NEW YORK (Reuters) - Consumers who are already jittery about rising unemployment and higher food prices now have one more thing to worry about as the economy slows: the viability of their gift cards.
When retailer Sharper Image Corp SHRPQ.PK filed for bankruptcy in February, consumers were left holding worthless plastic cards after the seller of high-end gadgets and appliances initially stopped honoring its gift certificates and later liquidated its stores.
And as reports of other high-profile retail bankruptcies — such as home goods company Linens ‘n Things, department store chain Mervyn’s and restaurant chain Bennigan’s — trickle into consumer consciousness, holiday shoppers will become nervous about dropping hundreds of dollars on debit cards for stores that may shrink or disappear.
Consumers left holding gift cards of any retailers that declare bankruptcy could find their wallets filled with valueless plastic.
“I could see where gift card usage could drop 10 to 20 percent this year based on those feelings,” said Britt Beemer, chairman and founder of America’s Research Group. “Consumers don’t know which stores are in trouble, but when you start seeing Linens and other retailers closing stores it does give you pause to say, ‘Who is next?’”
Retailers generate as much as 40 percent of their annual revenue in the months leading up to Christmas, but this year is looking particularly rough as the slowing economy, job losses, a plummeting stock market and higher food prices crimp holiday spending. Bankruptcy experts warn that a failed holiday season often triggers bankruptcies for retailers on the edge.
“There are companies out there that might have enough liquidity to get through the (holiday) season, and if they don’t have a good season, they’re not going to make it,” said Sun Capital Partners Inc managing director Gary Talarico.
Linens ‘n Things and Mervyn’s, which are operating in Chapter 11 bankruptcy, still accept gift cards. Bennigan’s company-owned restaurants shut down entirely, though many of the franchise stores remain open. But should any retailer suspend its gift-card program, there is little legal protection for consumers.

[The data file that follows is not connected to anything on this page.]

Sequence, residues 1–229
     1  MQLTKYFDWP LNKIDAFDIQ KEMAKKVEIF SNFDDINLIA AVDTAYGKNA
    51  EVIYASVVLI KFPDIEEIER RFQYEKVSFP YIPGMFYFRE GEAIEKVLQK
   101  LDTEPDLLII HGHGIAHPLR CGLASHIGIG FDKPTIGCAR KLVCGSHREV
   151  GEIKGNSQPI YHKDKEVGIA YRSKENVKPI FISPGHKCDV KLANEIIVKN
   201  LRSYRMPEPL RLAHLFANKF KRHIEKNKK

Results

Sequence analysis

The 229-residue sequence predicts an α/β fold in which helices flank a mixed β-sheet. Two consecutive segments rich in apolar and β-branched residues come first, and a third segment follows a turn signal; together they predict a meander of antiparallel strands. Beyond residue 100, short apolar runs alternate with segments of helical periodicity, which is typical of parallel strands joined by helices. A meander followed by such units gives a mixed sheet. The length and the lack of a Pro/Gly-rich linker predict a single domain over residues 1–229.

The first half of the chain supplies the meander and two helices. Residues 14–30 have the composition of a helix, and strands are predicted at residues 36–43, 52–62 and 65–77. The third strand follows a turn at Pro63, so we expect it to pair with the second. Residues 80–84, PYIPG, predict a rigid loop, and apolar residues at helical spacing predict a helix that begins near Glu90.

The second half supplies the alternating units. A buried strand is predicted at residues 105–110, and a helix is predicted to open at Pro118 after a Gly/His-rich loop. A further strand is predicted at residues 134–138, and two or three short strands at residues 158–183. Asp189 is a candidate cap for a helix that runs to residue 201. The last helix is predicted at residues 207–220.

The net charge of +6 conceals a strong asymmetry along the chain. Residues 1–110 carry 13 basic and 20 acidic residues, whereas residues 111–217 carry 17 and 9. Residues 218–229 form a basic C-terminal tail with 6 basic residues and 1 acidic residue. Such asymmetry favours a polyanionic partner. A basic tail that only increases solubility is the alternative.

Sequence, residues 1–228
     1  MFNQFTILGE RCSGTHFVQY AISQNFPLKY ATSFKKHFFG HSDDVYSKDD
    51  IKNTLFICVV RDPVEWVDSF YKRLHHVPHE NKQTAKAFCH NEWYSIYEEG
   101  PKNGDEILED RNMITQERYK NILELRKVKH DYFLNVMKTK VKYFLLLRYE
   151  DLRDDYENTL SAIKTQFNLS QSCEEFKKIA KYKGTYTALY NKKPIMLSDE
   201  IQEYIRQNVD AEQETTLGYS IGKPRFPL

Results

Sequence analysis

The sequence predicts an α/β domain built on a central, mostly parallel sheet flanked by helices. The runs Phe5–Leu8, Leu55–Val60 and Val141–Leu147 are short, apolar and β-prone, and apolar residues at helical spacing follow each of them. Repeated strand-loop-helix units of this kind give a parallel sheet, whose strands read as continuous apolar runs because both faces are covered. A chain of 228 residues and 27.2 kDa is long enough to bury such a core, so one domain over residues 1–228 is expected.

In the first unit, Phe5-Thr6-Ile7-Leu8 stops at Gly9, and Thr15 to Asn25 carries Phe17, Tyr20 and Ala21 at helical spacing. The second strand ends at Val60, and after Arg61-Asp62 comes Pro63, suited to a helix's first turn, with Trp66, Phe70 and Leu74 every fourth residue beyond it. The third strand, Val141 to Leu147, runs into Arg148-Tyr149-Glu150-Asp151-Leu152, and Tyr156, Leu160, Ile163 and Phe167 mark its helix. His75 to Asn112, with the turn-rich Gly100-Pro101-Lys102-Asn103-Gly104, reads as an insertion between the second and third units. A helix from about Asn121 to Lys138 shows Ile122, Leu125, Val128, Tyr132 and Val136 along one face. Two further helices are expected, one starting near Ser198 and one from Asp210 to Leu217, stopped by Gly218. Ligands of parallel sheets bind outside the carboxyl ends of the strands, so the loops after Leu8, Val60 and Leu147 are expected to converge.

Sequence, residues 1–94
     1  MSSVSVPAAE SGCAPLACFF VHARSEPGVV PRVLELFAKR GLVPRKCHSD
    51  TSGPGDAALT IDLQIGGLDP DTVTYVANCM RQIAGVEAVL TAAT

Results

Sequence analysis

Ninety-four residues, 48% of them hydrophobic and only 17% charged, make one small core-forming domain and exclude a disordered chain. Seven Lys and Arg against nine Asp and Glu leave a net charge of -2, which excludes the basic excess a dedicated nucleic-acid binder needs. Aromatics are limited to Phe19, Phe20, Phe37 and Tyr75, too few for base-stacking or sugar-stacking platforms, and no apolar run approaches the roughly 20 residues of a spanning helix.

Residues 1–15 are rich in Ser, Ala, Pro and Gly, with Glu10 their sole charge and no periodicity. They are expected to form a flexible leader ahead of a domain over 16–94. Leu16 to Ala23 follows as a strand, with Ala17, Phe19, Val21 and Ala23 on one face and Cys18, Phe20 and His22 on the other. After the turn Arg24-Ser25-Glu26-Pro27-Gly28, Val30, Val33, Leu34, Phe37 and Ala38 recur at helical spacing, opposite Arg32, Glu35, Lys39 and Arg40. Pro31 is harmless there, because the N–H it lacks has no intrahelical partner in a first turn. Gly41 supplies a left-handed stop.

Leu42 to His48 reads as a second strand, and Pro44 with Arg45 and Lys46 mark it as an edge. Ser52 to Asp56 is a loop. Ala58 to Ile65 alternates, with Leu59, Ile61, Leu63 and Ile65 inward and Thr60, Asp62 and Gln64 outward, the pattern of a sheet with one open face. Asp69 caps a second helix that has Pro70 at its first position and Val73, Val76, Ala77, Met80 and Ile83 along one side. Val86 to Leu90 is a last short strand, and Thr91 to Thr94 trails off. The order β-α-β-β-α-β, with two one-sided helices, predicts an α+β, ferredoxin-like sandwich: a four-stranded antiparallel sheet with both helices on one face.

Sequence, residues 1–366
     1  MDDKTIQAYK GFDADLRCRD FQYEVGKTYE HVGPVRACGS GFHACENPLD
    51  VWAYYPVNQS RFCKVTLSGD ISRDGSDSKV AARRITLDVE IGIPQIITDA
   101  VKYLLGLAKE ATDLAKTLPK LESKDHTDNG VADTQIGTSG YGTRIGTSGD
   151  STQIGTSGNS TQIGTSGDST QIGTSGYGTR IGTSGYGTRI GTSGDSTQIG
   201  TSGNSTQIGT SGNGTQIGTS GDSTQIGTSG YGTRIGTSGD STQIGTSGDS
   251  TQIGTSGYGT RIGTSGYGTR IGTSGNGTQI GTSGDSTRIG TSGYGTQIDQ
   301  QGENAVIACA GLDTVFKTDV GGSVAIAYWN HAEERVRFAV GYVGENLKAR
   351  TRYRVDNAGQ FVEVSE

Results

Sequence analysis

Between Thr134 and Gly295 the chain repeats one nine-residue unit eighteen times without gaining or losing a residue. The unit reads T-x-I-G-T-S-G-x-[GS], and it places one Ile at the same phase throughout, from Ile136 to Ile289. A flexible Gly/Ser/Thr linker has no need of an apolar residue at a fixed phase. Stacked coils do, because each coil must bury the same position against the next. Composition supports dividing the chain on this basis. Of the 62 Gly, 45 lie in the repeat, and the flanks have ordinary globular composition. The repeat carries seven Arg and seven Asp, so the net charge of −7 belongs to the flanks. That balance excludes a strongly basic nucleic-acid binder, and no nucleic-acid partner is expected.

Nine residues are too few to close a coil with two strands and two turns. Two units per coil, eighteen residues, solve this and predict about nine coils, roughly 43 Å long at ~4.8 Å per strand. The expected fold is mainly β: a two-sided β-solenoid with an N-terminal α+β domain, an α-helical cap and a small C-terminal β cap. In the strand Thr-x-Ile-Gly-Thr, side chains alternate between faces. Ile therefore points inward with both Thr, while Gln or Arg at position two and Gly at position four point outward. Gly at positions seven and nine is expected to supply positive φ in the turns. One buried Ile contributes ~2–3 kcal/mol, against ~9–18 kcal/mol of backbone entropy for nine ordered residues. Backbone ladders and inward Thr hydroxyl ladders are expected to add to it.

Under current bankruptcy laws, retailers do not have to honor their gift cards once they file for creditor protection in bankruptcy court. In the parlance of court dockets, gift card holders are considered unsecured creditors, who get reimbursed for a portion of their debt only if they file a claim and the company has enough assets to pay.
“Consumers should consider the financial conditions of the retailers they hold the cards for,” said Stacy Janiak, vice chairman and U.S. retail leader for consulting firm Deloitte. “It feels like cash in your wallet, but it isn’t considered cash in bankruptcy courts. It can go to waste.”
Last year, consumers snapped up some $26.3 billion worth of gift cards over the holiday season, according to the National Retail Federation. The NRF will release its 2008 holiday sale forecast in mid November.
Consumers who make down payments on larger purchases of furniture or other big-ticket items should also be wary when they think a company might not stick around.
Customers “have to be very cautious about putting a deposit out, because if a retailer does go bankrupt, they could be left holding the bag,” said James Schaye, chief executive officer of liquidator Hudson Capital Partners.
There are a few options for gift card holders.
PlasticJungle.com, a website which allows consumers to buy and sell gift cards, has said it will buy cards of companies that are in or at risk of bankruptcy. The site currently offers to buy a $50 Linens ‘n Things card for $32.50.
And people who buy gift cards with their credit cards can sometimes get reimbursed by their credit card companies.
But the best defense may be to spend that card — and fast.
“Considering that I would buy gift cards for nieces and nephews, I have no concern about any retailer,” said Deloitte’s Janiak. “They will be out on December 26 spending that card.”
Reporting by Chelsea Emery, editing by Gerald E. McCormick